good chemistry is complicated,
and a little bit messy -LW
General web application testing advice sought.by fenLisesi (Priest)
|on Apr 13, 2007 at 16:04 UTC||Need Help??|
fenLisesi has asked for the
wisdom of the Perl Monks concerning the following question:
O wise ones,
For the last few days, I have been writing tests for a typical RDBMS-backend, web-frontend, Perl-in-the-middle application. One of the main tools in my arsenal has been WWW::Mechanize.
I browsed the source for WWW::Mechanize and its ancestors a bit (<heavenly-voice>use the source, luke</heavenly-voice>) -- and Data::Dumper::Dumper'ed the form -- to end up with this hold-your-mutable-internal-organs-and-twist-them move:
Aaand, chalk up another one for talk-to-your-teddy-bear. I just looked at the docs again (<homer>stupid heavenly-voice!</homer>) and saw that the following straightforward snippet is possible:
At any rate, I would appreciate some web application testing advice.
While I am at it, here is a pet peeve: If you set up your test code in OO fashion, then use'ing Test::* modules both in the ancestor and in the child causes problems due to multiple plans. The right way seems to be to, for example, use Test::More, in the ancestor, have all your ok(...)'s in that ancestor module inside subs like num_checkboxes_is(...), then call those subs from the descendants. Perhaps that's better anyway, as it keeps all the ok(...) and friends toghether there.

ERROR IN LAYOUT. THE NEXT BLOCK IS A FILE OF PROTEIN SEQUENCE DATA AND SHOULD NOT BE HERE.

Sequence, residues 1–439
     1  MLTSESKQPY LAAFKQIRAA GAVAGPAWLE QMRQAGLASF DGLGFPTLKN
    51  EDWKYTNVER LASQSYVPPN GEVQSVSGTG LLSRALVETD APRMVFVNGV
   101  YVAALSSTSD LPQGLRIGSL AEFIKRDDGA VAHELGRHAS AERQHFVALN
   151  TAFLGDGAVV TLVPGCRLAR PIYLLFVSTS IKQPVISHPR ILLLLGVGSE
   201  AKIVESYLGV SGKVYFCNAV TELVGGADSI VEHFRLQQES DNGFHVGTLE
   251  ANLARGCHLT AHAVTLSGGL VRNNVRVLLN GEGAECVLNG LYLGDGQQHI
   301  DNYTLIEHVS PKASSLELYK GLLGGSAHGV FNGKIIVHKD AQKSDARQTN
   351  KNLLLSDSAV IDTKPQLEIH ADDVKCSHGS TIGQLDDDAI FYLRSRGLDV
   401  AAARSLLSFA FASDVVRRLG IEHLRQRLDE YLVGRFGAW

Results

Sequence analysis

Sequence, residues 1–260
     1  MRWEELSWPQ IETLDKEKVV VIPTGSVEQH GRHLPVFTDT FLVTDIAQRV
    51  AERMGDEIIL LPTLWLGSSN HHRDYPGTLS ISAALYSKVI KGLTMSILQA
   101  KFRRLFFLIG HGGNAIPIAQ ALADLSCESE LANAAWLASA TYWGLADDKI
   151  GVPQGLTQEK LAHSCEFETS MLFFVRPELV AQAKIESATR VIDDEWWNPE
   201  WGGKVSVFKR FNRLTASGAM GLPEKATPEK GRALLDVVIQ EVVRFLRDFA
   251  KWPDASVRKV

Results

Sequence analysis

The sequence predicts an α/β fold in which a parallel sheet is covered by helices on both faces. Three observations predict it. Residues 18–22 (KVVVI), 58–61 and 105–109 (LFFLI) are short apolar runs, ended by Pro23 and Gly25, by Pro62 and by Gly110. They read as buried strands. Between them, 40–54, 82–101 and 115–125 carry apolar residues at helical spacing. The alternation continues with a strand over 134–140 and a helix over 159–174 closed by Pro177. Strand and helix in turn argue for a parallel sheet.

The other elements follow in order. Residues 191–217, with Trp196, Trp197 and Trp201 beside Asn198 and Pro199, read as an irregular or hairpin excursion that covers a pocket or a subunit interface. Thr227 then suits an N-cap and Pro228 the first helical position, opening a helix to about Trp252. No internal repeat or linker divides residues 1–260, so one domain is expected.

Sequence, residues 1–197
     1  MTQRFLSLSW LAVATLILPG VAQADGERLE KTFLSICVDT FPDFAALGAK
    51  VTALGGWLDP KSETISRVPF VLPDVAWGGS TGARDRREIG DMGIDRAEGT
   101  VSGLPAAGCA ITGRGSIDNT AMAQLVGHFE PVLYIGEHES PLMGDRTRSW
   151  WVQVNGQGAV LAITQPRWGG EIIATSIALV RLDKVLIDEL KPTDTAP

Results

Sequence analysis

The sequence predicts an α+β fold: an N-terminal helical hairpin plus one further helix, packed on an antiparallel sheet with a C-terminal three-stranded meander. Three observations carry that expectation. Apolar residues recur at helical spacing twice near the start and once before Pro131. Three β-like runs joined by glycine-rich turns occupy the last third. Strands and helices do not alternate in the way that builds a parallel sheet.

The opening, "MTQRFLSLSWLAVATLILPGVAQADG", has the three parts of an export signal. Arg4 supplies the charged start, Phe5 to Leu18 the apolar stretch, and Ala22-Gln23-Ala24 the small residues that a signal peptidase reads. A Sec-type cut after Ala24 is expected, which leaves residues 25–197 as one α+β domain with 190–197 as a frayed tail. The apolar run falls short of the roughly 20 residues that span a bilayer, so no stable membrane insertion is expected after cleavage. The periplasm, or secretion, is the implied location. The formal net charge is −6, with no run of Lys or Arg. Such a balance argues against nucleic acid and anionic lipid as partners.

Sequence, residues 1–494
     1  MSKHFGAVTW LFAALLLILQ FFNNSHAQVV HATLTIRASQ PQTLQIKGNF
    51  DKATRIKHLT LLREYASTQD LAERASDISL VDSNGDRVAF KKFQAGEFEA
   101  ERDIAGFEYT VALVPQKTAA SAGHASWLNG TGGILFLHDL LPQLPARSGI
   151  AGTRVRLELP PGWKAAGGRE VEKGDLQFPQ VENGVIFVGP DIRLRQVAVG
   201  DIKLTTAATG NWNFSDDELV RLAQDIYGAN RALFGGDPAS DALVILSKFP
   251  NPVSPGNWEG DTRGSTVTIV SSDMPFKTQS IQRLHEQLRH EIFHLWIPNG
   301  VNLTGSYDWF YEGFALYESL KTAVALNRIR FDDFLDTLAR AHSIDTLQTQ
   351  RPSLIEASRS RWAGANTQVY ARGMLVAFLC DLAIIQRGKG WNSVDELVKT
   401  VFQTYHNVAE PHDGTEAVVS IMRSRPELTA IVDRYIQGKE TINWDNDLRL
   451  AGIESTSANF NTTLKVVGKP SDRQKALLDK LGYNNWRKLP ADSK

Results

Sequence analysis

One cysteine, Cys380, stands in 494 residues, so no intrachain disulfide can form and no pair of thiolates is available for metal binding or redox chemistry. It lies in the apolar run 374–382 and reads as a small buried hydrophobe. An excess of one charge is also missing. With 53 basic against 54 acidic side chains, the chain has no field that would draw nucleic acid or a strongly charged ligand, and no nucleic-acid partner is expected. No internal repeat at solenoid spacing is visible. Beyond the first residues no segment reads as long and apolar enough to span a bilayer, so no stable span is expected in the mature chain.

I wrote some unit tests last year using Test::Class and that was nice, smooth sailing.
Coming back to WWW::Mechanize again, I find myself doing things like:
where gen_tree returns an instance of HTML::TreeBuilder and check_for_input(...), implemented in the base class, uses look_down(). I do this because I have used HTML::TreeBuilder before and look_down() is a simple concept.
Since $mech already has all the structure of the document, though, it seems to be a waste to generate another big tree just because look_down() is flexible and simple. I have thus far ignored this waste, because, I don't care so much whether the smoke tests run between 3am and 4am or between 3am and 4:30am.
Test::WWW::Mechanize looks like the go-to guy in 4 cases out of 5, but a quick look at the docs gave me the (probably false) impression that it did not have the flexibility of look_down().